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martial
used in The Mill on the Floss

3 uses
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Definition
relating to war or soldiers
most commonly seen in these expressions:
  • "court martial" — a military court that tries military personnel using military law (which is different than civilian law)
  • "martial law" — the body of law imposed by the military over civilian affairs which can be declared to replace ordinary civilian law in a time of crisis
  • "And General Wolfe, Mr. Poulter,—wasn't he a wonderful fighter?" said Tom, who held the notion that all the martial heroes commemorated on the public-house signs were engaged in the war with Bony.
    2.4 -- Book 2 Chapter 4 -- "The Young Idea" (59% in)
  • Still, he carried himself with martial erectness, had his clothes scrupulously brushed, and his trousers tightly strapped; and on the Wednesday and Saturday afternoons, when he came to Tom, he was always inspired with gin and old memories, which gave him an exceptionally spirited air, as of a superannuated charger who hears the drum.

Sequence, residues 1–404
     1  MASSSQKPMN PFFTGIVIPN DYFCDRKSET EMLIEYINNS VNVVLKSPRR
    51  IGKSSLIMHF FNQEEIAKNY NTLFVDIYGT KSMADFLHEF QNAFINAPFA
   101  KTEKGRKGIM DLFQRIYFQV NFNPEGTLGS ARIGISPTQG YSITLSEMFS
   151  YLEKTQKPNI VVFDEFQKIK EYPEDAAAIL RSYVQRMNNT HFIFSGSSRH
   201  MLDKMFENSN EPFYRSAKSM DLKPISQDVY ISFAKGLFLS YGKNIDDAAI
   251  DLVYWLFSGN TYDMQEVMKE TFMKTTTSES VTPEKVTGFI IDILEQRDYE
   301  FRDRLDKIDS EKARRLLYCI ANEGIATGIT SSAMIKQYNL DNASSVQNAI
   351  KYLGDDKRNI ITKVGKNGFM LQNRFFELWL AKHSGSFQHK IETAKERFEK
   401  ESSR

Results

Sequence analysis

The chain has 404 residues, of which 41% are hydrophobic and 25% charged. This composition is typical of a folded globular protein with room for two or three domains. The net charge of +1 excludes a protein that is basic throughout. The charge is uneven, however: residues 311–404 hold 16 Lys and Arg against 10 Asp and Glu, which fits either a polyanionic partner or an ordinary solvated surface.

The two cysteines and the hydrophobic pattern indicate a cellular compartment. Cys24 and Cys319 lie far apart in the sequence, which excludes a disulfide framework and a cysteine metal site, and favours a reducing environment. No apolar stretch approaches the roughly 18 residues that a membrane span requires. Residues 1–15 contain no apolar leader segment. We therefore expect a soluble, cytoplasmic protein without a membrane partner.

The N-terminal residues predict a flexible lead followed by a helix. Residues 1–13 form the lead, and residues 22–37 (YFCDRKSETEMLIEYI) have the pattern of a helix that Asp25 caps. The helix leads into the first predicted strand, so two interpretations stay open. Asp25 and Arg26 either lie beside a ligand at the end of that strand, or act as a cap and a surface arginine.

2.4 -- Book 2 Chapter 4 -- "The Young Idea" (50% in)
  • If you think a lad of thirteen would have been so childish, you must be an exceptionally wise man, who, although you are devoted to a civil calling, requiring you to look bland rather than formidable, yet never, since you had a beard, threw yourself into a martial attitude, and frowned before the looking-glass.
    2.4 -- Book 2 Chapter 4 -- "The Young Idea" (99% in)

There are no more uses of "martial" in The Mill on the Floss.

Typical Usage  (best examples)
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